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Sadiq Khan’s Tory rival for City Hall pressured over donor funding amid Diane Abbott race row

The Conservative candidate to become mayor of London is facing calls to reveal if any funding for her campaign comes from the donor at the centre of a racism row.

Frank Hester is alleged to have said Labour MP Diane Abbott made him "want to hate all black women" and that she "should be shot".

Rishi Sunak is resisting calls to hand back the money, despite calling the remarks “racist”, saying Mr Hester had shown “remorse”.

Now Dawn Butler, the chair of Labour’s London MPs, has written to Susan Hall to ask if her campaign has received donations from Mr Hester and if she will pledge to return them.

In a letter, Ms Butler also asks Ms Hall if she will “condemn Mr Hester’s alleged comments as racist.”

And she notes reports the campaign is being “funded by the Conservative Party – who recently received Hester’s £10m donation”.

The donor row has caused a crisis within Mr Sunak’s already embattled Downing Street.

For most of Tuesday ministers and No 10 refused to describe Mr Hester's comments as racist.

But the Prime Minister's spokesperson did finally label them as such that evening.

However, the row intensified again following revelations of further comments from the top donor.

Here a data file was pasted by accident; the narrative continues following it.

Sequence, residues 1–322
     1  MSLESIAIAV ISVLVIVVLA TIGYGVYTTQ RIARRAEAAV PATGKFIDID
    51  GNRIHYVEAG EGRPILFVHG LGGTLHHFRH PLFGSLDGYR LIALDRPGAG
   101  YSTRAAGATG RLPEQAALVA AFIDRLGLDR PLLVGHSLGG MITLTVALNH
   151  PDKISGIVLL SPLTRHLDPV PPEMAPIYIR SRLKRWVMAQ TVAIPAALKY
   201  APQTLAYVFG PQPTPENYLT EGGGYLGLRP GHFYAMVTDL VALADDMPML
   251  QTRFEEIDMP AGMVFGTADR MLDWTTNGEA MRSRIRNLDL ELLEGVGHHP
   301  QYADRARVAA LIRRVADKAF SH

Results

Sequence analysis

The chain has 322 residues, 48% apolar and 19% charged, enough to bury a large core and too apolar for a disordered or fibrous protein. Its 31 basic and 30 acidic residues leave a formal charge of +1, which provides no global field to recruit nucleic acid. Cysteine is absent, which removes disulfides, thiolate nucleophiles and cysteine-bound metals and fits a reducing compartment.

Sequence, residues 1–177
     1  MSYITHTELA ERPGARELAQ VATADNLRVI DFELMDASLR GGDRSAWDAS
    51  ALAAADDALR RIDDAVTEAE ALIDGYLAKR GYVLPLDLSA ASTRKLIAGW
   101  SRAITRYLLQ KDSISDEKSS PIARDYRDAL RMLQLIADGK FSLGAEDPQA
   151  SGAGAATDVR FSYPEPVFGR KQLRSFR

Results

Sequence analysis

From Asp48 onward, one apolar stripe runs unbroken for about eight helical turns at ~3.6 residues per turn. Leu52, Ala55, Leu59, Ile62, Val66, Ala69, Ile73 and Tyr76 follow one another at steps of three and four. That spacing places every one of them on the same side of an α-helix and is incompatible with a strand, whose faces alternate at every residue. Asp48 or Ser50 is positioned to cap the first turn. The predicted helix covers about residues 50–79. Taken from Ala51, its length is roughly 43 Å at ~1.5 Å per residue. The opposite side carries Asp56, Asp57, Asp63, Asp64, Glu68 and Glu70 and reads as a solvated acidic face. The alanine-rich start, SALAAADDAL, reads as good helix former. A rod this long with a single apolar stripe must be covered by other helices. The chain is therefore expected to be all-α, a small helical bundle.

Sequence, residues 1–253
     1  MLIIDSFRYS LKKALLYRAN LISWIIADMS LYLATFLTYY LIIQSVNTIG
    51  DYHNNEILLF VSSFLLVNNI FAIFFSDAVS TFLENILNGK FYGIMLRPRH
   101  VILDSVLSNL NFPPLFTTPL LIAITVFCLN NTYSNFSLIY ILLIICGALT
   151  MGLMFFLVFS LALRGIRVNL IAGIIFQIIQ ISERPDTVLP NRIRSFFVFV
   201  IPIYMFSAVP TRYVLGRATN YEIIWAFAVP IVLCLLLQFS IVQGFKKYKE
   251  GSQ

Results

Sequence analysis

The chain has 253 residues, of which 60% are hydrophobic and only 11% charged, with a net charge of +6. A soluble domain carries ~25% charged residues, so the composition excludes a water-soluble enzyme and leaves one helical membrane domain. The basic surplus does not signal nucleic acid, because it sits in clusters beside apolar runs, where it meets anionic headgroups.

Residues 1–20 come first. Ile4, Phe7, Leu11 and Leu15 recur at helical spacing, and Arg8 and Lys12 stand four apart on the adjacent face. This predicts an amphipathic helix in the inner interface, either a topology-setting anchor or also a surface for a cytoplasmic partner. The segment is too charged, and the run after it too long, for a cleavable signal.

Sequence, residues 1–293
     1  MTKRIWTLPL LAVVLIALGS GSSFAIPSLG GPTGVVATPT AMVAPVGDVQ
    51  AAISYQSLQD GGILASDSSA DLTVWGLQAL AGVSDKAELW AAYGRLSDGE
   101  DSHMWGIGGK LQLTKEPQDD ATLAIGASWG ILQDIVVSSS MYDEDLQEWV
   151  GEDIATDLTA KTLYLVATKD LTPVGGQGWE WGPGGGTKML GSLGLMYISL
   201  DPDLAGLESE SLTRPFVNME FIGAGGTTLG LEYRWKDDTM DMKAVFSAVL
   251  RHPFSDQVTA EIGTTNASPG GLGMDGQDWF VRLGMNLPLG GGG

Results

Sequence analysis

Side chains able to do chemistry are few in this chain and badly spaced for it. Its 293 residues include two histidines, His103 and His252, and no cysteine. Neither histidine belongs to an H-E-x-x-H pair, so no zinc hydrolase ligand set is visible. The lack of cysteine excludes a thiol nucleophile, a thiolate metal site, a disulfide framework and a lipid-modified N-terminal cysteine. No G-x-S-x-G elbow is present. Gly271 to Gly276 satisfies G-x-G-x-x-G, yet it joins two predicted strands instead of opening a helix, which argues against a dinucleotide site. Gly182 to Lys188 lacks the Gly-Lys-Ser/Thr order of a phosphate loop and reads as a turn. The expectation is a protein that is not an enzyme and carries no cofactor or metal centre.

The chief executive of The Phoenix Partnership (TPP), which has won more than £400m in government and NHS contracts, is alleged to have called a meeting of his “foreign” workers to address allegations of racism in 2019.

The tycoon asked if there was “no room for Indians, then?” as he addressed staff members on a crowded balcony in the company’s headquarters, according to The Guardian.

In response to the letter, a spokesperson for Ms Hall said that she agreed with the PM’s official spokesperson that 'the comments allegedly made by Frank Hester were racist and wrong. He has now rightly apologised for the offence caused and where remorse is shown it should be accepted."

The Conservative Party referred queries to Ms Hall’s campaign team. Mr Sunak is facing increasing pressure from opposition parties - and senior Tories - to return the donation.

Former Conservative party chairman Chris Patten said it was an “open and shut case” that the party should pay the £10m donation back to Mr Hester.

The Scottish Conservatives have also criticised the decision to accept Mr Hester’s money and called for a review.

As Labour called for the money to returned, Sir Keir asked Mr Sunak how low a donor would “have to sink? What racist, woman-hating threat of violence would he have to make before the prime minister plucked up the courage to hand back the £10 million that he's taken from him?"

But chancellor Jeremy Hunt said Mr Hester should not be “cancelled” for “despicable” remarks “made in the past” and for which he has apologised.